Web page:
Could Jared Kushner and Ivanka Trump’s traveling on the Sabbath cause trouble for Orthodox Jews in America? One group of Orthodox rabbis says so.
TORA, which describes itself as an “umbrella group of Traditional Orthodox Rabbis of America” issued a statement arguing that the flight “could lead to an erosion of the historic responsibility of employers to accommodate individual religious beliefs.”
The group noted the generations-long struggle of Orthodox Jews to secure the right not to work on the Sabbath and raised concern that Kushner and Trump’s travel on board Air Force 1 Saturday could lead employers to ask: “if the Kushners could obtain rabbinic permission for their actions, why can’t all serious professionals do the same?”
According to reports, the president’s son-in-law and daughter, both Orthodox Jews, received special permission from a rabbi to fly on the Sabbath in order to take part in Trump’s overseas visit.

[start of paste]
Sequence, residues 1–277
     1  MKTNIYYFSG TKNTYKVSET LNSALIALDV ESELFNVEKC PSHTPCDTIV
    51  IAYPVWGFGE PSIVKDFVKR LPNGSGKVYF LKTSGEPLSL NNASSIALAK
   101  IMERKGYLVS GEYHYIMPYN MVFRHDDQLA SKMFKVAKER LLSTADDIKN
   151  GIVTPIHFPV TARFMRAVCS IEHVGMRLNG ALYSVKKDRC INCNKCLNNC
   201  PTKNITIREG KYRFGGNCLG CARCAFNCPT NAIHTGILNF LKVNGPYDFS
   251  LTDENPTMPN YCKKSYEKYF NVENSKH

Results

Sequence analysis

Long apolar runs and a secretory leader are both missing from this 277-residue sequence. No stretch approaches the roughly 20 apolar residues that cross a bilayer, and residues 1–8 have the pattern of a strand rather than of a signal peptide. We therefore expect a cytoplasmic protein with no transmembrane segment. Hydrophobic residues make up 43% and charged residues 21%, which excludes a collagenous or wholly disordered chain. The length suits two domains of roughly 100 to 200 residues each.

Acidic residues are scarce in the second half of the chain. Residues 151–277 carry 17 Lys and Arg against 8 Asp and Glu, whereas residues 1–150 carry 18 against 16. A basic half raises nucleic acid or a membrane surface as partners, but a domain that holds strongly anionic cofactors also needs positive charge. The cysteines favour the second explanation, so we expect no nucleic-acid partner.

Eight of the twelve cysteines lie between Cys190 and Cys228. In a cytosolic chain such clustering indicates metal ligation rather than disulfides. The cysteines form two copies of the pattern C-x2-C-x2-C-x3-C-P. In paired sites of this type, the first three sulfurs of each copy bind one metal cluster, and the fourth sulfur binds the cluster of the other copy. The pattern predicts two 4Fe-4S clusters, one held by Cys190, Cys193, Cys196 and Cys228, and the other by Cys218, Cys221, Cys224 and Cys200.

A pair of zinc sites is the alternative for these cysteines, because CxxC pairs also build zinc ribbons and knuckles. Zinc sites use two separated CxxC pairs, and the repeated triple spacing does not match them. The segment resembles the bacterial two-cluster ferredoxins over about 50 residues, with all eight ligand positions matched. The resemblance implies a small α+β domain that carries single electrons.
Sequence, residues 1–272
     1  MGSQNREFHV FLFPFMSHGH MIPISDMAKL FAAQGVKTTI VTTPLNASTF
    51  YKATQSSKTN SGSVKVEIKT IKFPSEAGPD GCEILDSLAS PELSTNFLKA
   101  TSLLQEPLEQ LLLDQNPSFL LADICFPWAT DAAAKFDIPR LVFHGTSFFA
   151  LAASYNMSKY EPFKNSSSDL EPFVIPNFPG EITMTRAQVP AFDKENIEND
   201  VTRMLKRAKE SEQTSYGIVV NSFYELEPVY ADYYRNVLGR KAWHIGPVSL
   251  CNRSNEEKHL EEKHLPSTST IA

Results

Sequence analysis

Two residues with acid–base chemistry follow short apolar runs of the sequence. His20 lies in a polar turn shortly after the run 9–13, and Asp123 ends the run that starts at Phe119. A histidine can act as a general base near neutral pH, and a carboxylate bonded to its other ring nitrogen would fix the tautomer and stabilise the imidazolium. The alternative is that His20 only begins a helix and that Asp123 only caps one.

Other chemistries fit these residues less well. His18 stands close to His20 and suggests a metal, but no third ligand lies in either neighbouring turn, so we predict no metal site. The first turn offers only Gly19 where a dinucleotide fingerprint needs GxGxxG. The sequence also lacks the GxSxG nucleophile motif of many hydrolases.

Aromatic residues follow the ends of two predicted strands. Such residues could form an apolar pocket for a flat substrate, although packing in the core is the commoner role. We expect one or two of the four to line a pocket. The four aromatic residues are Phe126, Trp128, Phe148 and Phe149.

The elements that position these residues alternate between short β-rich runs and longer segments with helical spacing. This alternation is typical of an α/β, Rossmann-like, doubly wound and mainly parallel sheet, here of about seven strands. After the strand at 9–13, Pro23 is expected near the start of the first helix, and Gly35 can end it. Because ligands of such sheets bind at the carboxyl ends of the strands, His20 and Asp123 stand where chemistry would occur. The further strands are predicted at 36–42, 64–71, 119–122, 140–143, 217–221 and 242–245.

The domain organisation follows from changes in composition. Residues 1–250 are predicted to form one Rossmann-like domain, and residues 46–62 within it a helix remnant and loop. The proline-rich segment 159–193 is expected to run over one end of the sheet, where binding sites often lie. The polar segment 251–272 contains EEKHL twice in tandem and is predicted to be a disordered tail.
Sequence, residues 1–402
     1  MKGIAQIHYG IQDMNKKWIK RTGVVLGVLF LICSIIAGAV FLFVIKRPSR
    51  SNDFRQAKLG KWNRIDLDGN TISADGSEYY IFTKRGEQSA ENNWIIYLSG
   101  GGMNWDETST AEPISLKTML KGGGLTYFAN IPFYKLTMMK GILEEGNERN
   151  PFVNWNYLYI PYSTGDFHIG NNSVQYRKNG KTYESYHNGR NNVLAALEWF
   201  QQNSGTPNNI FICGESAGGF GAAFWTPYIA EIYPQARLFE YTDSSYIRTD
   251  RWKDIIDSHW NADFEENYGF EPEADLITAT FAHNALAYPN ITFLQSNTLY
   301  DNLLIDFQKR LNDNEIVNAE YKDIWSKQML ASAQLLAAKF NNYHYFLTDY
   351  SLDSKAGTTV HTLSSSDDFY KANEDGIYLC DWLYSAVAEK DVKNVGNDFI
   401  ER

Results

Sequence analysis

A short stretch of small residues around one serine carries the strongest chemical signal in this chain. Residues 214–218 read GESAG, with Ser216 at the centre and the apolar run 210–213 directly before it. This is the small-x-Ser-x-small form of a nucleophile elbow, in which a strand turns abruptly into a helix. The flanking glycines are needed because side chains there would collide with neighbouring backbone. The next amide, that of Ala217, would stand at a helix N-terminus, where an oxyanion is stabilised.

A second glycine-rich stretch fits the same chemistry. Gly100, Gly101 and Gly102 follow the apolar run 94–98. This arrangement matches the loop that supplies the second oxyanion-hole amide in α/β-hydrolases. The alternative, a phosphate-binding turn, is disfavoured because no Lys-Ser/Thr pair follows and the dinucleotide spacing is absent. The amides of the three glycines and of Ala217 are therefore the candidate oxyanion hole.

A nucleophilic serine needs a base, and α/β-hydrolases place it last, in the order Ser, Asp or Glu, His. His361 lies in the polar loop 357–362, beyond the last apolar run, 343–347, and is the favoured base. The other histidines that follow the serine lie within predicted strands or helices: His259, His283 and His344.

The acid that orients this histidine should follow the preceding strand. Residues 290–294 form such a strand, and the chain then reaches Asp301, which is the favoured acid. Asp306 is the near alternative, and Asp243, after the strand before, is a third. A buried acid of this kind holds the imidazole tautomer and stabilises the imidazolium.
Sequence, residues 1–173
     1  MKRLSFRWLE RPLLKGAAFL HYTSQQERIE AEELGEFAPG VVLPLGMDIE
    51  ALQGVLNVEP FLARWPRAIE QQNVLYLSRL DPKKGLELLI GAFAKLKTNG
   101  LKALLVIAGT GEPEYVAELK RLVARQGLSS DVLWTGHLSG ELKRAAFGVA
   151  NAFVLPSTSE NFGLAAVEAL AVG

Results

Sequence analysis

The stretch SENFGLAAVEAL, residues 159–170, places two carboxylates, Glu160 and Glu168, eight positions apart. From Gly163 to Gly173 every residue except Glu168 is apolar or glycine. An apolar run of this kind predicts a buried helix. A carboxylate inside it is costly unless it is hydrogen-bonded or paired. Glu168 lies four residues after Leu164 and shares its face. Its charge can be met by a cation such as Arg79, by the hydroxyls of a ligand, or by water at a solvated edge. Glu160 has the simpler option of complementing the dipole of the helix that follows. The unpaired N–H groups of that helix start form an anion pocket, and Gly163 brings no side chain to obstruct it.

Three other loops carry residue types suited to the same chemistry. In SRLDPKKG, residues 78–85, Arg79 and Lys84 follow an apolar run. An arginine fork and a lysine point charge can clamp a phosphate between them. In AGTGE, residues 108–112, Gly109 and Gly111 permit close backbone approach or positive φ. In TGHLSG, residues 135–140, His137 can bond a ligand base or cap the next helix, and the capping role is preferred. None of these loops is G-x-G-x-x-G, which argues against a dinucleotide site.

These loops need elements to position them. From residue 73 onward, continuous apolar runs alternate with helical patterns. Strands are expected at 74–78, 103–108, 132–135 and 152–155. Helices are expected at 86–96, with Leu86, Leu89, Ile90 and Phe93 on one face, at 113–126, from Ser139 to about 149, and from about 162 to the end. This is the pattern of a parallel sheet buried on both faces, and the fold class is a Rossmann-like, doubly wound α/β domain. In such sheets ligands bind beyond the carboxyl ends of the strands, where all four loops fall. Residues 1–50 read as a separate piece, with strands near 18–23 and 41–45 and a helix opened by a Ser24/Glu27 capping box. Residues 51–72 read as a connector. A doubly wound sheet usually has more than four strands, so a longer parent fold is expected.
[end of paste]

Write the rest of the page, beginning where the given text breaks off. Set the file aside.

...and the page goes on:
TORA explained in its release that there are different levels of gravity in Jewish rules regarding the Sabbath and therefore it could be perceived, after “careful deliberation of a rabbi who is expert in Jewish tradition,” that Kushner and Trump’s travel and work on Saturday was important enough to override ordinary practice.
But, they stress, this does not imply an overall permit for all.
Rabbi Yitzchak Adlerstein of TORA’s editorial board told the Forward the statement was issued after members of the group had received accounts of Orthodox Jews being approached by employers asking if they cannot work on the Sabbath just like Kushner. He made clear, however, that “there was no criticism of Jared and Ivanka meant.”